Internet Hoaxes - Best Practice of not forwarding email
As a best practices, always resist the urge to forward unusual email messages to your friends. Controversial email topics serve as "bait" for hoaxes or seeding malware to others. When in doubt, avoid sending these messages to others and research it more thoroughly if desired. If the email asks you to "pass this on to others" it's likely to be a hoax or it has an agenda behind it.
While a hoax may seem innocent, it can alarm your friends. It will certainly waste someone's time in reading or possibly researching the associated claims. Finally when true information is sent out, the recipient may ignore it thinking it's "yet another hoax".
Internet Hoaxes - Popular email myths continue to circulate
QUOTE: These hoaxes use social engineering to trick people into doing what they otherwise wouldn't do," said Patrick Runald, chief security advisor for F-Secure, an Internet security firm. Graham Cluley, a senior security analyst with Sophos, a London-based security vendor, agreed. "The most successful hoaxes have been the ones that people had a real compulsion to forward. These things can't travel unless humans participate. And, unlike anti-virus software, we haven't found a way to upgrade the human brain," said Cluley.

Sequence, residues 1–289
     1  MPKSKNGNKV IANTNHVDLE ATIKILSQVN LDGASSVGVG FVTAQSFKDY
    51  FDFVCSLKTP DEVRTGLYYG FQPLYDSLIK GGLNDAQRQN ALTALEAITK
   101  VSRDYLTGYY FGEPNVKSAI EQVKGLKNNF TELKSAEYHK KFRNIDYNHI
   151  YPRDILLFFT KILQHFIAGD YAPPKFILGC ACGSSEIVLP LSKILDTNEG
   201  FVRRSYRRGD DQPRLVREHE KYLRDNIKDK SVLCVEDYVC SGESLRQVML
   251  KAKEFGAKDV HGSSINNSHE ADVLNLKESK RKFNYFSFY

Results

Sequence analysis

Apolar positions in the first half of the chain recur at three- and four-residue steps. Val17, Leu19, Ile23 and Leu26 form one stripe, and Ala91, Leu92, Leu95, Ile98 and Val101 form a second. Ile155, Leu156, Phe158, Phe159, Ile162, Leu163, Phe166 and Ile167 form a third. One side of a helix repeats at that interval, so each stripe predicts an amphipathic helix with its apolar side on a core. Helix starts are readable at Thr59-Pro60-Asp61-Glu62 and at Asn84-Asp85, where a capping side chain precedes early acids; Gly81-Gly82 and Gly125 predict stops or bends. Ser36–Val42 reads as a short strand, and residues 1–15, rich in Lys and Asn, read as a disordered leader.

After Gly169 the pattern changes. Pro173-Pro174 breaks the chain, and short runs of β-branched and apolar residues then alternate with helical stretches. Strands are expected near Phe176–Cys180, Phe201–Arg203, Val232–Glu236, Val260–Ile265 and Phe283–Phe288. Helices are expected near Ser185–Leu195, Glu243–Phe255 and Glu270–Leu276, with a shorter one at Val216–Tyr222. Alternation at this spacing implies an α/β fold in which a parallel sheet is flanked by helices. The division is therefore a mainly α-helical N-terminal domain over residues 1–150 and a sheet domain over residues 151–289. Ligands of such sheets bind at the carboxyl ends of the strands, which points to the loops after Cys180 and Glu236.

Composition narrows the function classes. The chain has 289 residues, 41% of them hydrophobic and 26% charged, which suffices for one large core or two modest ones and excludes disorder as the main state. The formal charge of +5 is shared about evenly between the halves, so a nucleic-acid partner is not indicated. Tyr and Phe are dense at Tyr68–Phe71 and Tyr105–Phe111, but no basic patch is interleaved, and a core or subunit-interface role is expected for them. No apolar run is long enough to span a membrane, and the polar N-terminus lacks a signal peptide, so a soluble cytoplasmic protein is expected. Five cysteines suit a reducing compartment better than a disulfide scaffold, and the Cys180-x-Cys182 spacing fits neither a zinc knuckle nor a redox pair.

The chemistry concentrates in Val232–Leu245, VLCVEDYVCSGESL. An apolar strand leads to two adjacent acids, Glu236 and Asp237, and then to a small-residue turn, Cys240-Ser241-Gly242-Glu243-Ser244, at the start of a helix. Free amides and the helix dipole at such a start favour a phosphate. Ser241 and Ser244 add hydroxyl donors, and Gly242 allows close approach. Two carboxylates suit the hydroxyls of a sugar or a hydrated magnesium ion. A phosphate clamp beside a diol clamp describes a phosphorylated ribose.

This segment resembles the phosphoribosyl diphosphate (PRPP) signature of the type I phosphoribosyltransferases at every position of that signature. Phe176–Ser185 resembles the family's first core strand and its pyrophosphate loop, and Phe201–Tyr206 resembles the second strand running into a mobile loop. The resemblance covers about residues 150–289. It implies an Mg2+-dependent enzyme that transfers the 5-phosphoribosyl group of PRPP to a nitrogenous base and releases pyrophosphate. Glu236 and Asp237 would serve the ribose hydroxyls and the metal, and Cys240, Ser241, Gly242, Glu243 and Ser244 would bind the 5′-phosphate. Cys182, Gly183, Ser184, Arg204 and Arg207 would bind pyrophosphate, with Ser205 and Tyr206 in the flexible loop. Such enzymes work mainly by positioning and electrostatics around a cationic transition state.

Seven popular and persistant hoaxes circulating in email
1. Save Amanda Bundy
2. Petition to Ban Religious Broadcasting
3. Bill Gates' Millions Giveaway
4. Good Times Virus
5. The Last Tourist
6. Snowball, the Giant Mutant Cat of Ontario
7. Bigfoot Captured!
Snopes - Top 25 Urban Legends
Brand New Urban Legends being circulated in email
EXCELLENT QUIZ - 50 photos
(are they real or fake - scored 60%)
Research Sites to verify unusual email claims